All three of these responses fail when set against biblical standards.

The “cheap grace” approach fails because scripture upholds work as one of the goods of life, linking sustenance and provision to labor. So long as health and strength allows, people are responsible to do all that they can to provide for themselves through hard work. Paul writes in 2nd Thessalonians 3:10-12:

“If anyone is not willing to work, let him not eat. For we hear that some among you walk in idleness, not busy at work, but busybodies. Now such persons we command and encourage in the Lord Jesus Christ to do their work quietly and to earn their own living”

God created human beings to be his image bearers. Part of the image of God in human beings is creative labor—to produce and sustain things. Idleness mars that image, veiling one of the most beautiful facets of God’s glory built into his human creatures.

The “legal righteousness” approach is somewhat worse. The labor laws God set out for his ideal state of Israel were designed to protect the freedom of the poor and enable them to get back on their feet as quickly as possible.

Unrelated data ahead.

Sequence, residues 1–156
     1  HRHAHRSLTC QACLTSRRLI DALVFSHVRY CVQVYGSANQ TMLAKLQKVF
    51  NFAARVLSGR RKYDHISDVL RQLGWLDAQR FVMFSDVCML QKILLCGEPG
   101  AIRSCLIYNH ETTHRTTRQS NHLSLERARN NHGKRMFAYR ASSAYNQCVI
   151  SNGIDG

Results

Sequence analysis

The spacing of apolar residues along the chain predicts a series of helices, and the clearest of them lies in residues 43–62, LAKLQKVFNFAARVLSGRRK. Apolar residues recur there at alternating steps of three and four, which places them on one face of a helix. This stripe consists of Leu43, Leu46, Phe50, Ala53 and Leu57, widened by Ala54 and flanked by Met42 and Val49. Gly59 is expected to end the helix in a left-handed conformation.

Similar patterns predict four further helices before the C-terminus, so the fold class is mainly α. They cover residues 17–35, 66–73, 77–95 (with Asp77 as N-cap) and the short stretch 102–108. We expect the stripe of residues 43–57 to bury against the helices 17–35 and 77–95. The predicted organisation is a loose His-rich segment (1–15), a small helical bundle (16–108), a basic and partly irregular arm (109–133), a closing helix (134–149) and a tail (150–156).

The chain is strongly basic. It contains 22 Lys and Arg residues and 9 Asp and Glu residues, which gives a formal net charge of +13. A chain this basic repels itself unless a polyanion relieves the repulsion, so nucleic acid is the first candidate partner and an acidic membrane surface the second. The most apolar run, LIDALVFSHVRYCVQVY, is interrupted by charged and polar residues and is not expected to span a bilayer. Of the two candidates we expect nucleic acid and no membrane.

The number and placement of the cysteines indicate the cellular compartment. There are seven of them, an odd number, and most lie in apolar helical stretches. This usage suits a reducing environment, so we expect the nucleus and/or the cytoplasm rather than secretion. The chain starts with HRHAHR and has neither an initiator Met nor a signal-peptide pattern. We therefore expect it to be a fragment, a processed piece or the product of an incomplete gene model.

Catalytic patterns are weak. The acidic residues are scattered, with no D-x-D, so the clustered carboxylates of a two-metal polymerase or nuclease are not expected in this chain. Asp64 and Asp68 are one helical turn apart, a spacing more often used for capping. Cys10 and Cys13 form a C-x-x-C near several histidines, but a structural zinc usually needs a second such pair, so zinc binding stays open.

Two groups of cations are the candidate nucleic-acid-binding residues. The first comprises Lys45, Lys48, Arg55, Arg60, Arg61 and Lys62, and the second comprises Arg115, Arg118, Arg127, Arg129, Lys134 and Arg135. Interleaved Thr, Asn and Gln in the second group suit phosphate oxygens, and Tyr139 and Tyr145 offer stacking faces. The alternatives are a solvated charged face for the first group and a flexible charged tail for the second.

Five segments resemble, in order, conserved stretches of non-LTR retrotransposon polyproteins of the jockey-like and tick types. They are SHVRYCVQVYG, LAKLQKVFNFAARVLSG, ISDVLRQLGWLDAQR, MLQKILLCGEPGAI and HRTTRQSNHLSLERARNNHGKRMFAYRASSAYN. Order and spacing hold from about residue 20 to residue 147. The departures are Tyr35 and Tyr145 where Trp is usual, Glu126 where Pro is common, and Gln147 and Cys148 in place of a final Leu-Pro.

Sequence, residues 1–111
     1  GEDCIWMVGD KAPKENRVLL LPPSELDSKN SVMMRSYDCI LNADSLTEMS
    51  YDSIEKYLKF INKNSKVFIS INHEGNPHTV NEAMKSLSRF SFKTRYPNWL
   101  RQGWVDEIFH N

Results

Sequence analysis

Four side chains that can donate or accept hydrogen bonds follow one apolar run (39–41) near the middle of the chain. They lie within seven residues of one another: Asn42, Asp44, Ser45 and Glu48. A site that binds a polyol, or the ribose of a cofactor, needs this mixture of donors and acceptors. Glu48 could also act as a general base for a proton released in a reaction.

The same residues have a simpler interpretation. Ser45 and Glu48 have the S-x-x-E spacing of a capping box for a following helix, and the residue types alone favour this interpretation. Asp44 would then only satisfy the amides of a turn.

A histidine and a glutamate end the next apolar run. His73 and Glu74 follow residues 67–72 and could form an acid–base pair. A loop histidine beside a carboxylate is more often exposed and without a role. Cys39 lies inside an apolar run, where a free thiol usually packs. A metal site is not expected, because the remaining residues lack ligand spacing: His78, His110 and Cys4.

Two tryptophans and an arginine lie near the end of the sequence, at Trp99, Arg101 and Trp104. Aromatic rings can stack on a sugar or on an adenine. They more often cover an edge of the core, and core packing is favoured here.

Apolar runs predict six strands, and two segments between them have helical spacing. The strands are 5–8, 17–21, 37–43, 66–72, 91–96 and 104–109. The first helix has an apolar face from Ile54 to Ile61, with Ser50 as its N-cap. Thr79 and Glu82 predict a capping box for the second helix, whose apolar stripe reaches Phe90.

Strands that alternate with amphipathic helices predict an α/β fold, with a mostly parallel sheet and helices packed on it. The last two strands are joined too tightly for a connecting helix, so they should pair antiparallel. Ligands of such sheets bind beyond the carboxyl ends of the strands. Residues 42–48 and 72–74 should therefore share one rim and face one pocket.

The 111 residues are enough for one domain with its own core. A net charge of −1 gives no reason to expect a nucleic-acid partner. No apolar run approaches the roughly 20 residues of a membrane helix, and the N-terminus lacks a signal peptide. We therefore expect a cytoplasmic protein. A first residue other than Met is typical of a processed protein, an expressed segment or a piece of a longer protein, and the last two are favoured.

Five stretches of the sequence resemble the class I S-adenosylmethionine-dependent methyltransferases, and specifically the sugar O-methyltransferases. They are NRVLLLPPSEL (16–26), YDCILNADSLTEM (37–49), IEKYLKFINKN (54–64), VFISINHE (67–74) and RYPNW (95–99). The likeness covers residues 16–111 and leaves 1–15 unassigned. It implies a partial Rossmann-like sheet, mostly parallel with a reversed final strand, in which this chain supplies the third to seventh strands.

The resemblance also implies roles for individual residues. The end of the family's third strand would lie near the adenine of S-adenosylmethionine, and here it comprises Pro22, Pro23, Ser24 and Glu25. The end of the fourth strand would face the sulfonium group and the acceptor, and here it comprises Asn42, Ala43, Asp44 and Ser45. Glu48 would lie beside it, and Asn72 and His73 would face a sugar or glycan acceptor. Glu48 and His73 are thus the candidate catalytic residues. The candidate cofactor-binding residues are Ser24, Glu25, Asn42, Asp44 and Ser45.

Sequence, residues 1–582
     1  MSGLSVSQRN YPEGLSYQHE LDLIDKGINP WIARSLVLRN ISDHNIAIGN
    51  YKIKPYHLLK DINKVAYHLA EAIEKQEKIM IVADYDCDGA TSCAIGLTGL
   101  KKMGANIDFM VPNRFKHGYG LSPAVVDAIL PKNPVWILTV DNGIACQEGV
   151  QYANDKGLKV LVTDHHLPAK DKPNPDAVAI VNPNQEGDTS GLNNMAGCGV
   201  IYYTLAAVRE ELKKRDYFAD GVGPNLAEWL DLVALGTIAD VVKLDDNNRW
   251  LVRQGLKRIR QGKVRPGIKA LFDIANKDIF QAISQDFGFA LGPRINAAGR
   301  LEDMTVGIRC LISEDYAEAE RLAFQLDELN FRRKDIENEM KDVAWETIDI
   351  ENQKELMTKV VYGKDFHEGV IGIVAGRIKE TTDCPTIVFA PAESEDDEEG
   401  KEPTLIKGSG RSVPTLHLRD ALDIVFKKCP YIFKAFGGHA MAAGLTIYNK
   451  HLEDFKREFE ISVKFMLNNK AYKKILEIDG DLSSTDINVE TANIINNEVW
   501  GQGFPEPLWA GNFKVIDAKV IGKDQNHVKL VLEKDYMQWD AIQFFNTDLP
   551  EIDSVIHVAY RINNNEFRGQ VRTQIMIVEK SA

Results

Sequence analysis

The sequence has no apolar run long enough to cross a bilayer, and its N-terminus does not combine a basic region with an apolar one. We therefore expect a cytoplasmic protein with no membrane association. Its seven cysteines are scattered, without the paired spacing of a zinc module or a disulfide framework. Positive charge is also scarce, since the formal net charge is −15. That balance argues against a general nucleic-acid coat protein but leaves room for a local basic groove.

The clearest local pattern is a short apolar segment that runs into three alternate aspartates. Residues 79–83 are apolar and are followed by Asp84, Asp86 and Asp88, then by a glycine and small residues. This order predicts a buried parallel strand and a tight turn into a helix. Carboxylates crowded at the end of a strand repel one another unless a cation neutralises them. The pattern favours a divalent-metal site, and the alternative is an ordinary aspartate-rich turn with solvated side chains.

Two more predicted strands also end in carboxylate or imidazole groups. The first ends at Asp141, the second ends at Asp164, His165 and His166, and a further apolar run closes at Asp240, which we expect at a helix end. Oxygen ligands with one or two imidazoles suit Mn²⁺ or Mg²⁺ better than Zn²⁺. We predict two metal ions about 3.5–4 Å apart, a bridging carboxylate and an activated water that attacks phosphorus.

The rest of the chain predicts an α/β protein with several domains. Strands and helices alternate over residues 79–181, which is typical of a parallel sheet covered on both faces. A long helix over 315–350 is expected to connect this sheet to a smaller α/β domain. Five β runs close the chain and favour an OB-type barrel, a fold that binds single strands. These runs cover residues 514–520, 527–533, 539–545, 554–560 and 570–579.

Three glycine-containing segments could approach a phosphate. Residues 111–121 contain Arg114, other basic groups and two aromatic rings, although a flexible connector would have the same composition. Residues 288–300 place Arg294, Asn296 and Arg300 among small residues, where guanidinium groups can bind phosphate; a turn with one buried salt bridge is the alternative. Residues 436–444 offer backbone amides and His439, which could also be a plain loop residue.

* All farmers had leave the edges of their fields and vineyards un-harvested so anyone who needed food could get it (Lev 19:9; Dt 24:19).

* No Israelite could charge interest on a loan to another Israelite. And Israelites could not sell food for profit to poor Israelites. All food sales to poor people had to be at cost (Lev 25:36-37).

* Every seven years all debts were cancelled (Dt 15:1-2)

* Every 50 years all sold land was returned to its original owner (Lev 25:8-15).

* Every seven years all fields were left un-harvested so the poor and the sojourners might take what they wanted (Lev 25:1-7).

* Every three years, the full tithe of the harvest was given freely to the poor, and the sojourner (Dt 26:12).

Under God’s law, you’d have to really try to be poor. In fact, poverty was outlawed

“There shall be no poor among you…If among you, one of your brothers should become poor, in any of your towns within your land that the Lord your God is giving you, you shall not harden your heart or shut your hand against your poor brother, but you shall open your hand to him and lend him sufficient for his need, whatever it may be. (Dt. 15:4, 7-8)

The hardest part of the plan is the radical generosity it calls for.

When you turn to the New Testament you find these anti-poverty principles affirmed and carried forward. Jesus commands:

“Give to the one who begs from you, and do not refuse the one who would borrow from you.” (Matt 5:42)

And his half-brother James writes: